miners' working places.” Three days before Guided by these well-established rules, we the occurrence of the accident in question pass to the consideration of the evidence in the mine boss visited and inspected the the case at bar. There is evidence in the roof of No. 2. When he tapped or struck record to prove the following facts: Appel the roof with a pick a dull sound was emitlant is a duly organized corporation, and as ted, which indicated that the roof was broken such was, on the 13th day of February, 1900, and was giving way. The mine boss stated engaged in the business of mining coal in on the trial that he did not think it was Clay county, Ind. The mining was carried dangerous, but admitted that he did not know on by means of sinking a shaft to the coal that the room was in as bad a condition as bed, and then driving entries or roadways it was actually shown to be. He knew that through the coal from the bottom of the room No. 2 was unsafe, that the roof thereof shaft, from which excavations or rooms were was not propped, and that no props or timber made on either side. The coal was mined had been supplied to make the room safe and transported through these entries to the so far as it could be made by propping. No bottom of the shaft, and then hoisted to the notice or warning was given by appellant surface. On said 13th day of February, to appellee before he entered the room in 1900, and prior thereto, appellant, in con question in respect to the unsafe condition ducting its said business, had in its employ of the roof. The mine boss admitted at the a large number of men, among whom was trial that, without any knowledge in respect appellee. One of the entries of said mines to the condition of the roof in question on the ran east and west and turned off to the north part of appellee, he sent him into said room into apartments or excavations, called rooms, to assist in operating one of the machines. among which were rooms known as “No. 1" He admitted that he supposed this room and "No. 2.” On and prior to said 13th day was ready and in a condition for work, withof February, appellant had in its service out any knowledge as to such facts. The John Cuthbertson, who acted as its mine condition of the stone in the roof of room 2, boss under the provisions of the coal-mining which is shown to have been the result of statute in controversy. The entry of rooms the injury to appellee, was of such a char1 and 2 before Cuthbertson became mine boss acter that under the circumstances it could had for some time been full of water. After have been easily overlooked by appellee, and he became the mine boss for appellant he have escaped his observation. There is eviwas ordered to clear out the water and put dence to show that the mine boss neglected men to work in this entry. The room in the duty enjoined upon him by the statute which appellee was injured as hereinafterin failing to visit the room in controversy shown was known as “No. 2." It was about | and to see that it was made safe, and also 28 feet wide and 35 feet long. It was 35 in failing to see that props and timber were yards from the face of the coal in this room at hand at said working place as required by to the entry. A roadway was on the east the statute. It appears that he employed a side of the room in question. The coal in ap- Mr. Ab Miller to place rooms 2 and 3 in order pellant's mine at and prior to the accident in for the men to operate tbe machines. Miller, as it appears, put room 3 in order, but, as | sledge hammer was used to removing the the mine boss stated at the trial, he "skipped stone in question the evidence is conflicting; out" without doing anything towards placing appellee testifying that no sledge or wedgas room 2 in order. The mine boss, prior to were used for that purpose. Some two minthe injury received by appellee, had under utes or over after the stone had been pulled his charge the inspection of some eight en down, a stone weighing about 150 pounds, tries, together with the rooms which turned in another part of the roof of the room in off from these entries; five of the entries question, ive feet or more from the one which being in the lower vein, and three in the had been removed from the roof, fell upon upper vein, and room No. 2 being in the latter appellee, thereby severely injuring him. vein. The mine boss, on finding that he was This latter stone had no connection with the unable to properly inspect and look after the one that had been previously pulled down. safety of the entries and rooms which had Appellee was only in the room a few minutes been placed under his charge, applied to the before he was injured in the manner stated superintendent and manager of appellant's At the time he sustained the injury he was mine for help, and requested that he be in good health and was sound in body. He furnished with what is known as an "entry I was between 22 and 23 years old, and had boss.” The superintendent refused this re a wife and one child. He earned about $2.50 quest, on the ground that it would be too per day by working in and about the mine. expensive to employ a man for this purpose. As a result of the injury he is permanently Prior to the time appellee was injured he disabled and is shown to be a "physical had worked in coal mines for about five wreck." His urinary organs and limbs are years; a part of the time serving as what he | paralyzed, and he is unable to work, and candenominated as a "roustabout." He had had not stand on his feet except when supported about two or three months' experience as a by crutches. That appellant is shown by helper in operating machines. The machines the evidence in the case to be guilty of negli. at appellant's mine were run by electricity, gence both at common law and under the and when operated they were moved from the statute in question is beyond successful conleft to the right, and as the work of cutting troversy. the coal progressed the apartments of the Counsel argue that under the evidence ft mine in which they were operated were prop appears that appellee, together with Miller, ped or timbered by the men who ran the his associate, was engaged at the time he machines. Appellant's mine boss is sbown by was injured in voluntarily making a danger. the evidence to have neglected to furnish ous place safe. Therefore it is insisted that props for room No. 2. If he had discharged he had knowledge of the danger, and conhis duty in this respect, there is evidence to sequently assumed the risk. Appellant's prove that the stone which fell on appellee theory is that the injury in question resulted and injured him, as hereinafter shown, could from the fact that Miller and appellee, after have been propped and thereby supported entering room No. 2, removed from the roof without interfering with the operations of thereof what may be denominated for conthe machines.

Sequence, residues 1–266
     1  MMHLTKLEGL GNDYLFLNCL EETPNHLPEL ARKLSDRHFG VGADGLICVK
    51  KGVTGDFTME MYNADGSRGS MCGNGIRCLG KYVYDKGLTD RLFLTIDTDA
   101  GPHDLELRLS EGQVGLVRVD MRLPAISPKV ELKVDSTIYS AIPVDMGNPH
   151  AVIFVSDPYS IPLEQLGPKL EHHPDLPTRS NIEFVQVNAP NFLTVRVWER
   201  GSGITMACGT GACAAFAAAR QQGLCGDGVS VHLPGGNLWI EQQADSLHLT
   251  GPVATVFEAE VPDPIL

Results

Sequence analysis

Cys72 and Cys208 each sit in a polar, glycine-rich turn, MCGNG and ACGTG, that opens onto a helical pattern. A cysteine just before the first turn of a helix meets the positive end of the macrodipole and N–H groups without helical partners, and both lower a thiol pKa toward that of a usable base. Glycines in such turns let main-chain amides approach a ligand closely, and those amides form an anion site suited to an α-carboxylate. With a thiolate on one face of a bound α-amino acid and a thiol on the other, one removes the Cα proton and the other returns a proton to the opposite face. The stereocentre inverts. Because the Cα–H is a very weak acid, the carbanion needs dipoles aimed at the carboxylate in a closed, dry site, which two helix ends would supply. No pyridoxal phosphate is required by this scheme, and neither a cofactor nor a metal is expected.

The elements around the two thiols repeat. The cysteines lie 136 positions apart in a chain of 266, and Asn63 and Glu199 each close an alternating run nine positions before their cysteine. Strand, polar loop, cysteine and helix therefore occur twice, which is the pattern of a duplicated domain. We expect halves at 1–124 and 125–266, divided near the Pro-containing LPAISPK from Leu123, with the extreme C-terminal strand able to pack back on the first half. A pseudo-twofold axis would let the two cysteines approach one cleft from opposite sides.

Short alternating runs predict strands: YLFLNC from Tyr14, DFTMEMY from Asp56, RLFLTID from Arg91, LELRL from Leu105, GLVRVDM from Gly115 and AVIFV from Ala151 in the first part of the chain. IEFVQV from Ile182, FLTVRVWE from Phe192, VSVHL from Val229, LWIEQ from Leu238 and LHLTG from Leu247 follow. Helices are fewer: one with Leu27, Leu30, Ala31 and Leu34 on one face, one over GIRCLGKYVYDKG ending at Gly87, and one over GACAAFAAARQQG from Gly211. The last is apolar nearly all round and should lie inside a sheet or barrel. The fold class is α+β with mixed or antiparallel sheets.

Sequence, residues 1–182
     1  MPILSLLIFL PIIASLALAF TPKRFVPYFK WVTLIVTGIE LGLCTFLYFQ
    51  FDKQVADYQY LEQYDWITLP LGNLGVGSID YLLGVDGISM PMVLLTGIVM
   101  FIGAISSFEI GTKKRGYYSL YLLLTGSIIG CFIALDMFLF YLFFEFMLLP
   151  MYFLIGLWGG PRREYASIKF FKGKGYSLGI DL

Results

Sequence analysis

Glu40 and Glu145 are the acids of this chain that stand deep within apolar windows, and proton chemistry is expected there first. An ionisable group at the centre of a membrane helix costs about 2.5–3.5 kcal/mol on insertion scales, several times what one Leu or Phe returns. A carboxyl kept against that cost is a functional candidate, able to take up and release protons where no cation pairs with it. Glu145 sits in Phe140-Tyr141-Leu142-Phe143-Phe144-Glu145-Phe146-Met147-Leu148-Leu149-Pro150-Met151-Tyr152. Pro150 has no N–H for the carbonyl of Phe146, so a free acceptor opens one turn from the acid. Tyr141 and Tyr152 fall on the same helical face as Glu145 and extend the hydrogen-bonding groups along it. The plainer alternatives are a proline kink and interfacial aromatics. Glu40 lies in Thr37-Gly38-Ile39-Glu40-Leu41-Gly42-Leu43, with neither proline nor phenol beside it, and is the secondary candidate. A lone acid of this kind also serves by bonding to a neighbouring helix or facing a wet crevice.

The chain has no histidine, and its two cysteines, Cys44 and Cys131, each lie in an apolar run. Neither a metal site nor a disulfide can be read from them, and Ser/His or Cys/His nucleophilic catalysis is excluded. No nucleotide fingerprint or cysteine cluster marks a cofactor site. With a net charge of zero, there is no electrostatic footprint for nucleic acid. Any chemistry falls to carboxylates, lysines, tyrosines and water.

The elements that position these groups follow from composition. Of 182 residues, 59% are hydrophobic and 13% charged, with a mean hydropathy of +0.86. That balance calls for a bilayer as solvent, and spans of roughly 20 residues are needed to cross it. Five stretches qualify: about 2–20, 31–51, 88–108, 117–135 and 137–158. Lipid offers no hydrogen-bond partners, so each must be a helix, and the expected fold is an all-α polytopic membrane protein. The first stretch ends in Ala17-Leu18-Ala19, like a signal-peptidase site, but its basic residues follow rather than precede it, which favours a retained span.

venience as "stone No. 1." If there were On February 13, 1900, appellee was directed undisputed evidence in the record to establish to go to work in rooms 1 and 2 as a helper this contention, we would have quite a dirto one Marion Miller. Miller was an experi ferent question presented for our decision; but enced miner, and had worked in coal mines as heretofore stated, there is evidence to show for about 18 years. On the aforesaid day that the stone which was removed and the Miller and appellee first moved the machine one wbich caused the injury were five feet into room No. 1. They finished the work or over away, separate and apart, and that therein about noon, and, after eating dinner they had no connection whatever with each in the entry, they moved the machine into other. Because the stone which may be de room No. 2. Appellee had never before been nominated "No. 2" fell and injured appellee in the latter room, and knew nothing what in about two minutes after No. 1 was reever in regard to its condition. After he and moved, it is contended that from this fact Miller had entered they discovered a large stone it necessarily follows, or must be inferred over the roadway Miller made an examina- | that the removal of the first stone caused or tion and decided that the "stone was a bad produced the fall of the other. As to wheth. one," and that it must be taken down, as er the latter fact might be inferred or dethere were no props on hand by which it could duced from other giren facts in the case was be propped. Appellee at the trial testified purely a question for the jury, and not one that, knowing that Miller, the man with for the determination of this court There whom he was to act as a helper in operating is evidence to prove that there was nothing the machine, was an experienced miner and in the appearance of the stone which fell older than himself, he believed that what and injured appellee to indicate to him that Miller said should be done under the circum there was any danger of its falling. It is stances was all right. It appears that Mile | true that it may be said that, from the apler by the means of a pick and crowbar, pearance and condition of the stone which helped and aided by appellee, succeeded in he and his associate, Miller, removed, and pulling the stone down. As to whether a / from what Miller said in respect to its being